Hospice FAQ – Caring For an Aging Parent at the End of Life

What is hospice?

The idea is rooted in the ages-old idea of hospitality, which allowed travelers to rest after a long journey. Hospice services are designed to ease patients and their family into the final stage of life.

Hospices offer management of pain or disease-related symptoms and spiritual and emotional support. Some providers also offer respite care as well as elder caregiver support. Care can be provided in the hospital, at the patient’s home, or in special hospice facilities. Frequently considered an elder care solutions option, hospices help anyone who is reaching the end of life, regardless of age.

What kind of professionals work at hospice?

Hospices take an interdisciplinary approach to the end of life, which means they care for the patient’s body, mind, and spirit. The staff might include a medical team, pharmacists, clergy, and funeral directors. It will work closely with everyone involved in a caring for aging parent plan.

Hospice centers typically offer counseling services for patients and for those caring for an aging parent. Be sure to find out exactly what sort of professional is counseling patients and families. Some facilities offer counseling through chaplains or social workers. While this can be appropriate for some families, consider looking for a center that offers counselors with special training in grief management and end-of-life issues.

The doctors say Mom is ready for hospice care. How do I break the news to her?

First, don’t let your Mom guess the poor prognosis by watching whispered conversations between you and her doctors. Experts recommend having a straightforward conversation in which you explain that while you and the medical team is hoping for the best, it’s time to start planning for the worst. Suggest that you, she, and the doctors have a discussion about hospice elder care solutions.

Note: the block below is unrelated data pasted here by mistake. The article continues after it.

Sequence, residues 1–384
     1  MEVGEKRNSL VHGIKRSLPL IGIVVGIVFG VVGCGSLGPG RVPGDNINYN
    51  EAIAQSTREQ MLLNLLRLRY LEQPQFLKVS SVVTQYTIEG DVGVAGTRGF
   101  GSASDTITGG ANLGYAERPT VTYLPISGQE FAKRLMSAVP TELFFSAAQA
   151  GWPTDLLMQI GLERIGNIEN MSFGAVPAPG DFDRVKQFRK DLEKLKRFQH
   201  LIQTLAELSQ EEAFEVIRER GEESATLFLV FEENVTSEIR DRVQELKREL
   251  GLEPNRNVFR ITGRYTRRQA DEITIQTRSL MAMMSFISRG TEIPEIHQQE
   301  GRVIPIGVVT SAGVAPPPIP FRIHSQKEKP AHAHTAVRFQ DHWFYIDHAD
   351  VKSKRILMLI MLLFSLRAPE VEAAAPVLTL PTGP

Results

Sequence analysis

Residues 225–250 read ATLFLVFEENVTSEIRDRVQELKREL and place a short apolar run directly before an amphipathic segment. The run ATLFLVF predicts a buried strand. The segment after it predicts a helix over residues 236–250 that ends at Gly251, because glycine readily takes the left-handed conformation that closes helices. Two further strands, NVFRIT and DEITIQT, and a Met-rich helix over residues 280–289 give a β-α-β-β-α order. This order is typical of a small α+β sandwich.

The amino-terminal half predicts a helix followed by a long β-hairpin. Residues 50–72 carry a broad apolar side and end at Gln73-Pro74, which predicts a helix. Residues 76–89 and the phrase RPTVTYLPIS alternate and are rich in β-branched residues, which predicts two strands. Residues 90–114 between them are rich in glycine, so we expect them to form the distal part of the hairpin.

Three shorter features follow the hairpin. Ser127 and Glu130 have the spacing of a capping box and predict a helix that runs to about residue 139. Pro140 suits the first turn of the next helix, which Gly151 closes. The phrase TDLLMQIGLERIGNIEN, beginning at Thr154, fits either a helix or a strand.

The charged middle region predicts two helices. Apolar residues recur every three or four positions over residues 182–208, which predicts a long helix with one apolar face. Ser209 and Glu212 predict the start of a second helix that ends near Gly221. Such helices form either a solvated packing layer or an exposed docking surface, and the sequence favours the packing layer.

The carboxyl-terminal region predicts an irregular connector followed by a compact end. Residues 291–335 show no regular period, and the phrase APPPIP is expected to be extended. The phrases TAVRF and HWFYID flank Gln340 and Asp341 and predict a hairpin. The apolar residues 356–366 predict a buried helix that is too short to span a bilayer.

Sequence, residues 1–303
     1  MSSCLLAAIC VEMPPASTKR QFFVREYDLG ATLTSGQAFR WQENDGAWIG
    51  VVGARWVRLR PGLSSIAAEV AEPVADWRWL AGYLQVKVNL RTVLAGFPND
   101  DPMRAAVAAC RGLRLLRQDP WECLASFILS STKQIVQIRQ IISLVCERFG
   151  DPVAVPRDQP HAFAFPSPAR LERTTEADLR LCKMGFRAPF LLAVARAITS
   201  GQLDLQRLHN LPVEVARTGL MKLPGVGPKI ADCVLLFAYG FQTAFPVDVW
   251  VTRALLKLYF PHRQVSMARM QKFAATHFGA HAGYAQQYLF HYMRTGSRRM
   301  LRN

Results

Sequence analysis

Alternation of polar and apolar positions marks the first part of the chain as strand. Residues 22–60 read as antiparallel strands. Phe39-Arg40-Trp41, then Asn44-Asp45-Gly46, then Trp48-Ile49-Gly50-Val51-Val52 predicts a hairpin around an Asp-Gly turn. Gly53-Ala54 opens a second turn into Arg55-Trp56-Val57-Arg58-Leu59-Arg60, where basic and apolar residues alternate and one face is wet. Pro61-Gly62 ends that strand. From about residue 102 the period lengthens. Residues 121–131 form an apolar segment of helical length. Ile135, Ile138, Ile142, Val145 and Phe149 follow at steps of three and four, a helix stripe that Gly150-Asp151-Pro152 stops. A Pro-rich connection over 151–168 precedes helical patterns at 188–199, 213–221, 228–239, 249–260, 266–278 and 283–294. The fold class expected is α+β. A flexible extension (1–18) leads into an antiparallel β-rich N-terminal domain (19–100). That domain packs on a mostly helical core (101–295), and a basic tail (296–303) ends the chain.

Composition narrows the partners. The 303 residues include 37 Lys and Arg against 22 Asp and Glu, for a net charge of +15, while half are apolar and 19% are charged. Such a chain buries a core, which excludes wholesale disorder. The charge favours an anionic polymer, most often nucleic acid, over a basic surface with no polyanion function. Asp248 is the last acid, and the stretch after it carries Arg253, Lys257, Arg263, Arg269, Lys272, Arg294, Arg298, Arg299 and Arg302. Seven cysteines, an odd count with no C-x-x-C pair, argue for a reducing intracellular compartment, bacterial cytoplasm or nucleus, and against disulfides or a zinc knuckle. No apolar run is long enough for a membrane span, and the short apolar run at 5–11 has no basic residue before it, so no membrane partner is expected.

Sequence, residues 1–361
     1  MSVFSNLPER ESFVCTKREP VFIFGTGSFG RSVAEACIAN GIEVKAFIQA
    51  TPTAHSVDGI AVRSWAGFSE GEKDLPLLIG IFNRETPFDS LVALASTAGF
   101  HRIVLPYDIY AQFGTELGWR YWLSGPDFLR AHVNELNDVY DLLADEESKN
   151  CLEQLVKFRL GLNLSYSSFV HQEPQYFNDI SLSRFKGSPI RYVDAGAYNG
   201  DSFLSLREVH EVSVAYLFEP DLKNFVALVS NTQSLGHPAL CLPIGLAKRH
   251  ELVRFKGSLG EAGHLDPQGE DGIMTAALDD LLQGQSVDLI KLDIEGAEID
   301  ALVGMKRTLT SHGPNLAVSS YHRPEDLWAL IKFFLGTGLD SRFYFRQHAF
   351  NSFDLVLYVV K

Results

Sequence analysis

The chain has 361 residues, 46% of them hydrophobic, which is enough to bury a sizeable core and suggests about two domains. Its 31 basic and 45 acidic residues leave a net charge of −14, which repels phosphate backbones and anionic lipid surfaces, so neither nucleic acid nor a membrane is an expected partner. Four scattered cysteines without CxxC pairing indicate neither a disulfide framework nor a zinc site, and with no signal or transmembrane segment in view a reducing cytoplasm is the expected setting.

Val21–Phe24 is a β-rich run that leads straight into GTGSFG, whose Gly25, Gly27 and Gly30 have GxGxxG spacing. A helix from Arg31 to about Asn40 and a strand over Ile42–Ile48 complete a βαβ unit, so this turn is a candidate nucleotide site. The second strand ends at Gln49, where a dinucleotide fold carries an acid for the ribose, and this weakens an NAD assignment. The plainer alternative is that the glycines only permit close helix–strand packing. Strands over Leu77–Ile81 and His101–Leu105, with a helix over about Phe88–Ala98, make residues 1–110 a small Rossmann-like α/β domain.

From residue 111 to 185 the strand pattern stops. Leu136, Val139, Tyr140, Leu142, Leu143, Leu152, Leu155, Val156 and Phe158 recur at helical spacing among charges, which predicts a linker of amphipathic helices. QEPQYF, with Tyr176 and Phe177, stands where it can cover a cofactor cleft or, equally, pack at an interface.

I feel guilty about even considering hospice. Does hospice mean I’ve given up on Momma?

As someone who’s caring for an aging parent, your feelings are completely normal. If your mom is terminally ill, death will come whether you provide hospice care or not. By making the decision to entrust Mom to a good-quality hospice program, you’re allowing her to live her remaining time in comfort, making it an important part of an elder care solutions plan. The staff will provide as much medical and emotional support as is needed to guide your mother on her final journey.

Remember that hospice professionals are not replacements for regular caregivers. Think of hospice as an extra set of hands, eyes, or ears. If you’re caring for an aging parent, they’ll hold mom’s hand while you slip away for a shower, they’ll monitor her physical condition, and they will listen to concerns you or she may have. They are there to support you, not replace you, making them an important part of your family’s elder care solutions.

How do I know when it’s the right time for hospice?

You won’t need to consider hospice elder care solutions until your parent has been given less than 6 months to live and has stopped trying to cure their condition. As you’re caring for aging parents, it’s likely a doctor or medical professional will suggest the right time to consider this elder care support option.

If Mom suddenly gets better during hospice care and doctors say she’s on the rebound, simply discontinue end-of-life services and return to elder care solutions designed for her full recovery.

I know Dad needs hospice care, but I’m afraid of the cost!

Medicare and many insurance companies pay for part or all of hospice. Check with your loved one’s plan to find out exactly what hospice elder care solutions it covers. If your dad is not eligible for coverage, talk to the hospice center about other options. Some facilities will not turn patients away-even if they cannot pay.

Mom is extremely ill, and I want her to live her last days at home. Can hospice come here?

Absolutely. In fact, most hospice services are provided in a patient’s home or anywhere you’re caring for an aging parent. This allows your mom the opportunity to receive all the benefits of an end-of-life care professional while surrounded by family, friends, and memories.

When the time comes for Mom or Dad to pass on, hospice can be a compassionate part of any family’s elder care solutions plan. If you’re caring for an aging parent who is terminally ill, talk with your doctor about the right time to begin hospice services.

Source: Gregory Weldy

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